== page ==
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This article explains the fundamental analysis in a practical way. After reading you will understand the basics of this powerful financial management and investment analysis tool.
What is fundamental analysis?
A fundamental analysis is usually used in the investments world and provides sound information about the financial statements and the financial health of a company or organization so that it becomes clear for a buyer whether it is attractive to buy a share or not.
Based on the stock exchange listing (Forex Futures), a fundamental analysis focuses on the interest rate, production, revenue and (asset) management of an organization.
This analysis has a look inside an organization and makes a forecast of the company’s results.
Fundamental analysis: different approaches
A fundamental analysis is executed based on current and historical financial information and backgrounds of a company.
There are four different approaches:
- Calculation of the stock valuation of a company and a forecast of the probable price movements;
- Forecast and projection of the corporate performance;
- The evaluation of the (asset) management and making of internal corporate decisions;
- Calculation of the credit risk.
The counterpart of the fundamental theory is the technical analysis.
Trends in the share price movements are reviewed in this analysis and the analyst will try to recognize patterns in these movements.
Emotional responses of investors to price developments can lead to recognizable price graph patterns.
Investors use both analyses, however, for the choosing/buying of shares (stock picking).
Division into three categories
The fundamental analysis itself comprises three sub-analyses:
- An economic analysis;
- An industrial analysis;
- A corporate analysis.
The intrinsic value of the shares is determined on the basis of these sub-analyses. If the intrinsic value is higher than the market price, it is advisable to sell the share.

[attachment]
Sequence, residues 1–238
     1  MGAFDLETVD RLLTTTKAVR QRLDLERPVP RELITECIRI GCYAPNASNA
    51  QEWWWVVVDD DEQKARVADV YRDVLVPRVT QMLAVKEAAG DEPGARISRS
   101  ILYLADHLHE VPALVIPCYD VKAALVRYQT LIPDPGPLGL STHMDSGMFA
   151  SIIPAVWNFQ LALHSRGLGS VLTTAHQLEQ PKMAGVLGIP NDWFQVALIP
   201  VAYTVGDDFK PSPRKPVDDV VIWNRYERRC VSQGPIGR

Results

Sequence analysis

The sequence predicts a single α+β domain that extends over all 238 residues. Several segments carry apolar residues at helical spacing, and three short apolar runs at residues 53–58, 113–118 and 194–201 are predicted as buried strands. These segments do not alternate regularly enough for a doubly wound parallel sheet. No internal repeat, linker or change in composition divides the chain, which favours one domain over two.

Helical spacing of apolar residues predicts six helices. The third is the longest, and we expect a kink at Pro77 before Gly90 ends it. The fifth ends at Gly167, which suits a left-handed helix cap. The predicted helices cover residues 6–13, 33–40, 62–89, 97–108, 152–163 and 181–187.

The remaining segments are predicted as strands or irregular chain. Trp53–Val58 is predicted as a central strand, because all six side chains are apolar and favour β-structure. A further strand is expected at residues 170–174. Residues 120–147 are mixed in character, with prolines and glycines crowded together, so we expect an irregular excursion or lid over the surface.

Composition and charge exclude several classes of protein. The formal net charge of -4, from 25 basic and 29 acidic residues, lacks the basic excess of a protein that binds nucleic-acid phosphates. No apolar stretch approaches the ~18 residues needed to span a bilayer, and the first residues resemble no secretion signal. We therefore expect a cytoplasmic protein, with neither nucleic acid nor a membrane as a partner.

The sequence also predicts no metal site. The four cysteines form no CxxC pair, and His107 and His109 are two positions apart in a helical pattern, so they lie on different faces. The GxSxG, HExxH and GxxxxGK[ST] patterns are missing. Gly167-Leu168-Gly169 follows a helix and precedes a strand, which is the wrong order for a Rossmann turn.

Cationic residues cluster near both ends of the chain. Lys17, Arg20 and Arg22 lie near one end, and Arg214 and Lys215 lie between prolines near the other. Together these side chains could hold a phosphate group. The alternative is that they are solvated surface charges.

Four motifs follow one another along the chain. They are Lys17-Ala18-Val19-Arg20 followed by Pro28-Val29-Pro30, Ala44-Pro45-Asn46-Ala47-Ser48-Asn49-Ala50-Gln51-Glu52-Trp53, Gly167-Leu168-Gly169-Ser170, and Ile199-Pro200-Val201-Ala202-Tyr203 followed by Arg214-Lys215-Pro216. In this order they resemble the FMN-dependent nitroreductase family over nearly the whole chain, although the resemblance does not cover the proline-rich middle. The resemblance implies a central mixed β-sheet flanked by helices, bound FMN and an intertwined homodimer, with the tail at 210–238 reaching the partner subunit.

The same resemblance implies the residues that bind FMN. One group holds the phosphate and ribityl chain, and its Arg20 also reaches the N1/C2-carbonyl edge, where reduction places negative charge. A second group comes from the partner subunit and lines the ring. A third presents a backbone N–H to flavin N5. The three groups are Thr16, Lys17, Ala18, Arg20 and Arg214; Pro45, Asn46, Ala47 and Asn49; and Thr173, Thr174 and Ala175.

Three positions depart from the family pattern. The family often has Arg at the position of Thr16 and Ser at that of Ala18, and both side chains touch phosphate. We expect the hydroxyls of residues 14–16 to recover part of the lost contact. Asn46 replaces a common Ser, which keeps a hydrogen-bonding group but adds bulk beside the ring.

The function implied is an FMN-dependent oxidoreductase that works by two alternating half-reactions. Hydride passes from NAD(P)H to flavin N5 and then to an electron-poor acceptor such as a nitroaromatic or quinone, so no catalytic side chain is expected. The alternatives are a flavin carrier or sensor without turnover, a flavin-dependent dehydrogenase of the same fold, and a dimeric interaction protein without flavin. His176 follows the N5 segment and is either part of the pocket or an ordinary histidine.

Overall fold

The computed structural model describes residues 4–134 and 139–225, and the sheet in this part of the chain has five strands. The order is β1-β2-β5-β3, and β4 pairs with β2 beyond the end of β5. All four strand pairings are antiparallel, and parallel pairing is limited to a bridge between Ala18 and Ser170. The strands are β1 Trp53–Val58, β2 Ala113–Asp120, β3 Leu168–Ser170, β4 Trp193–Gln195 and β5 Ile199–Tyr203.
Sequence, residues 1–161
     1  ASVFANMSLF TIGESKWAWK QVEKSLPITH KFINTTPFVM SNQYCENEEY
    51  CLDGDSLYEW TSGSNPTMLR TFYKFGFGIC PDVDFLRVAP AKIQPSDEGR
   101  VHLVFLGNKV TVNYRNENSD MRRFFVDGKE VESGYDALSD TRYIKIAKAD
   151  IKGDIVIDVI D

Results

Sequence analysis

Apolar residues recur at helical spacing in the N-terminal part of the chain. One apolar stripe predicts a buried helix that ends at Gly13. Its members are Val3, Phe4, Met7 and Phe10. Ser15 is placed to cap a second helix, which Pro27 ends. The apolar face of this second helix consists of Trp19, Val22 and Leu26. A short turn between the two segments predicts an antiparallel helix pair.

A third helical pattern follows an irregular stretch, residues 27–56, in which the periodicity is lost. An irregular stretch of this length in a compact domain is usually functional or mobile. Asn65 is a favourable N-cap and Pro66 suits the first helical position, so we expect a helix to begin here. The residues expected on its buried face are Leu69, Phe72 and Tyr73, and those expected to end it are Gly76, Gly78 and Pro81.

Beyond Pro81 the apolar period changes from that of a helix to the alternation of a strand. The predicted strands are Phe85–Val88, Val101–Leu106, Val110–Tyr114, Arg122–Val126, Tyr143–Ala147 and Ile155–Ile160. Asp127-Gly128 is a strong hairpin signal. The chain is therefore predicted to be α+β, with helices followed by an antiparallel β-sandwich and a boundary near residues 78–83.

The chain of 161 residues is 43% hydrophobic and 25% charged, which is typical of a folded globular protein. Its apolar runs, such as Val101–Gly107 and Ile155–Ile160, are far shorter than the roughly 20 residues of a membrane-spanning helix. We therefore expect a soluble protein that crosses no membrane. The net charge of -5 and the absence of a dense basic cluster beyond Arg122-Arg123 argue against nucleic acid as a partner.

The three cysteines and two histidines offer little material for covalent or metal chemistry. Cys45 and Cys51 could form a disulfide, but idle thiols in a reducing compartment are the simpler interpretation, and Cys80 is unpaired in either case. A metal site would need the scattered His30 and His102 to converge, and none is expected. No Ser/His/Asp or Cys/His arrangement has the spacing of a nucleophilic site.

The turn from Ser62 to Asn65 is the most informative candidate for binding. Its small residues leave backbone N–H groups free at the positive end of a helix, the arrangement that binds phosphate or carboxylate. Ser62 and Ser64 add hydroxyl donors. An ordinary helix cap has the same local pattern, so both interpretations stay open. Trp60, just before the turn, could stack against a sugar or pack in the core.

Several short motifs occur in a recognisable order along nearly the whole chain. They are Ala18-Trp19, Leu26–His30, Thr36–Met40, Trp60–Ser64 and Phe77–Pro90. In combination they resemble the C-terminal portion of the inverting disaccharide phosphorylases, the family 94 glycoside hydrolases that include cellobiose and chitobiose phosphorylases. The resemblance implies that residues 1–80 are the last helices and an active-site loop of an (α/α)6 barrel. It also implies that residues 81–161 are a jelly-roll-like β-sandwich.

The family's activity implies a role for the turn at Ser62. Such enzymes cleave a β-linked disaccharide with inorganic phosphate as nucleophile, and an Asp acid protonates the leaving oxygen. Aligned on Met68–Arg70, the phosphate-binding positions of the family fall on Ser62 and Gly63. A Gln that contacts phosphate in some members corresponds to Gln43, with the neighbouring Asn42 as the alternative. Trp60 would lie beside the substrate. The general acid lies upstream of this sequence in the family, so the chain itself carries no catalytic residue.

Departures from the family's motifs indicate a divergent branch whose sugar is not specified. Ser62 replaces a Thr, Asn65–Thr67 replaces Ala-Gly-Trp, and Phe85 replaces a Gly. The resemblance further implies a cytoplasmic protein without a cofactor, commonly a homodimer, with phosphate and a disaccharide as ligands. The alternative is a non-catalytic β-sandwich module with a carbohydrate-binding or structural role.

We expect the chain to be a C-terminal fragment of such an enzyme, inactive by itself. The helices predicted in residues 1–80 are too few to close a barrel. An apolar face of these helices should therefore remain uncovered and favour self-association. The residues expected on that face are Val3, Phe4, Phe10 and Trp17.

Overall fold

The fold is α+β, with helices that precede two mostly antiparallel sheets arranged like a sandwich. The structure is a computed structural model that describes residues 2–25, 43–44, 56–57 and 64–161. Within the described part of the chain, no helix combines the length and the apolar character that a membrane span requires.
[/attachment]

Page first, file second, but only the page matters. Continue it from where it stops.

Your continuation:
If the price is equal to the market price of the share, it is advisable to keep the share and if this is below the market price, the best option is to sell the share.
Different portfolio styles
Investors can use the fundamental analysis within the different portfolio management styles.
Buy and keep
Investors believe in active steering between ‘good’ companies, as a result of which an investor will grow with the company. Even the shares of ‘bad’ companies fluctuate and create opportunities to make a profit.
They can also rely on the economic cycle before determining whether the circumstances are ‘good’ enough to buy shares from possibly suitable companies.
These investors distinguish themselves by a ‘short term ‘ approach, the market is a voting machine and not a weighing machine.
Own decisions are made because of which signals from the market are ignored.
They restrict their attention to undervalued companies and they believe that these companies will not collapse quickly.
The value is determined on the basis of a fundamental analysis.
Investors can choose for both a top-down and a bottom-up approach in a fundamental analysis:
- In the top-down approach the investor begins his analysis with the global economy, in which the Gross domestic product (GDP), growth rates, inflation, interest rates, exchange rates, productivity and energy prices play an important role. Next he targets a regional analysis of companies in which he pays attention to the total sales, price level, the effect of rival products and foreign competition. This is how he finds the best companies in a certain area.
- In the bottom-up approach the investor begins his search at specific companies, irrespective of their sector/area.
It’s Your Turn
What do you think? Is the fundamental analysis still applicable in today’s modern buy and sell of companies? Do you recognize the practical explanation or do you have more additions? What are your success factors for a good fundamental analysis?
Share your experience and knowledge in the comments box below.
- Haugen, R. A., & Haugen, R. A. (2001). Modern investment theory. Prentice Hall.
- Pruitt, S. W., & Friedman, M. (1986). Determining the effectiveness of consumer boycotts: A stock price analysis of their impact on corporate targets. Journal of Consumer Policy, 9(4), 375-387.
- Roberts, H. V. (1959). Stock‐Market “Patterns” And Financial Analysis: Methodological Suggestions. The Journal of Finance, 14(1), 1-10.
- Thomsett, M. C. (1998). Mastering fundamental analysis. Kaplan Business.
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